One of odd things about being in an investment which can do well when markets are down is that you find yourselves at times cheering the market to go to zero. That didn’t play well at dinner parties in 2008, and is likely to continue to raise some eyebrows when people start with a fresh round of “tough day in the markets today, huh?” conversation openers. Our go-to response?
“Sure was tough… we hope they go to zero.”
For those from the world of traditional investing, this can be a bit unsettling and cuts a lot of conversations short. “Go to zero? What the %^#$?”
While we don’t actually want market to go all the way to zero (we still want a functioning society and all of that), managed futures has been an asset class in search of a crisis for much of the past three years bumbling around between down slightly and even. A nice crisis sending markets into sustained downtrends would be a welcome sight for most in the managed futures world, and would go a long way to pushing managed futures returns back up to their historical averages.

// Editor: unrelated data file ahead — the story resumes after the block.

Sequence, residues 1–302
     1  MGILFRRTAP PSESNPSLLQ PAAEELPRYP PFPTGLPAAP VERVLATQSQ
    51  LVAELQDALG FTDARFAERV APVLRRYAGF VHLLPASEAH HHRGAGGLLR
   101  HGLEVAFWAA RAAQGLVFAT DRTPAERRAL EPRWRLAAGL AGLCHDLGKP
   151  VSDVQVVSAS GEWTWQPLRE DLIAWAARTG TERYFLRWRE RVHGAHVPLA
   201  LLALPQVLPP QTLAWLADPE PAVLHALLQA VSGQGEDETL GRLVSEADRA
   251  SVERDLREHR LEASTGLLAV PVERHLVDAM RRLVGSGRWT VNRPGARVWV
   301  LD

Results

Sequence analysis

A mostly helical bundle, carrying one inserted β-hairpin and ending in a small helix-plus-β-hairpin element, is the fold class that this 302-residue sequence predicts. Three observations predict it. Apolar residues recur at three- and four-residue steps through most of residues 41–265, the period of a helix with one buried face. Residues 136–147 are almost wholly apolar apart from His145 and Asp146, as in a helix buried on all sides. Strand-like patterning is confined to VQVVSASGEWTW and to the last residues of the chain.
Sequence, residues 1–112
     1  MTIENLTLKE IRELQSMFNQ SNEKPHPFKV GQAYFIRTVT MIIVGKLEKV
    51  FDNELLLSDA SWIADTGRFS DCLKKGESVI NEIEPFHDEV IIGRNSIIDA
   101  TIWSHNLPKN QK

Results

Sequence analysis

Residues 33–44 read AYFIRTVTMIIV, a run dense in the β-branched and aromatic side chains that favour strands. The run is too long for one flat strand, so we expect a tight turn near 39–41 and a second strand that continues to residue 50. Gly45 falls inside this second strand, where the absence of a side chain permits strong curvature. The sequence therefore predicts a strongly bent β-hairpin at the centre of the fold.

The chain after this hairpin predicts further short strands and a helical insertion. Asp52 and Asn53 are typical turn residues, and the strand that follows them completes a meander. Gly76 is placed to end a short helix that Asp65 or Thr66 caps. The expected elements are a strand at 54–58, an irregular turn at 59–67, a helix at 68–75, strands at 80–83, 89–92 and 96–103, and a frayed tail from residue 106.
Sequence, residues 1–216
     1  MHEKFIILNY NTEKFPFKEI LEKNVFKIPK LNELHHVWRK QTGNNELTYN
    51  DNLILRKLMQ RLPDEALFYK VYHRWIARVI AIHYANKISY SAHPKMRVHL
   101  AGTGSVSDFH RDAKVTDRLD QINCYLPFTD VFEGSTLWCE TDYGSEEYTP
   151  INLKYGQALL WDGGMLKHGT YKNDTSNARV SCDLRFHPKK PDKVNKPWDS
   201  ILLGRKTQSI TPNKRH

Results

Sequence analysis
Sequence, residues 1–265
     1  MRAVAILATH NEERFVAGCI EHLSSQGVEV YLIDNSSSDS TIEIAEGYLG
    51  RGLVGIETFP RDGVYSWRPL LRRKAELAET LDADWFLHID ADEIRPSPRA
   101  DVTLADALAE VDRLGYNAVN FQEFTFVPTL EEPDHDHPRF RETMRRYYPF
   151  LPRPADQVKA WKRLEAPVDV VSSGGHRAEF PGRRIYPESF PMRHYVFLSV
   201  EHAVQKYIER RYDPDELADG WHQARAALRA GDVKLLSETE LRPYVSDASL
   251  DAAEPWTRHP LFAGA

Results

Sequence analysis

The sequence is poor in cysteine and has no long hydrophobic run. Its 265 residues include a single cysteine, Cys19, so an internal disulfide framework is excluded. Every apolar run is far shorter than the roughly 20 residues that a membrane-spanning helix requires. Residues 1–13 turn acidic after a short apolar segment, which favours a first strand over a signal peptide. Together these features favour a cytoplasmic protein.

As we have laid out before, managed futures tends to do well during market crisis periods because of their ability to go short global markets. In 2008, managed futures programs found themselves short nearly every type of market not considered a safe haven, be it stock indices, energies, foreign currencies, metals, grains, or softs. Fast forward to the past few weeks, and we’ve seen several managed futures programs start to initiate such short positions in markets like US and non-US stock indices, energies, foreign currencies, and metals (grains have oddly seen strength recently).
Quite simply, we’re cheering the markets to zero because the lower they go in this move down, the more money our clients stand to make, and the happier we are. Of course, past performance is not necessarily indicative of future results and there are clients and programs and positions which may lose money in an extended move lower. But generally speaking, such down trends work to the benefit of the managed futures space in our experience.
So for now we’ll be cheering… “Go to Zero!”
PS – we’ll see if our uncanny ability to make the market do exactly the opposite of what we write about holds up again. We half-jokingly expect stocks and crude oil to be up about 3% next week just because we had the audacity to say we want them to go lower.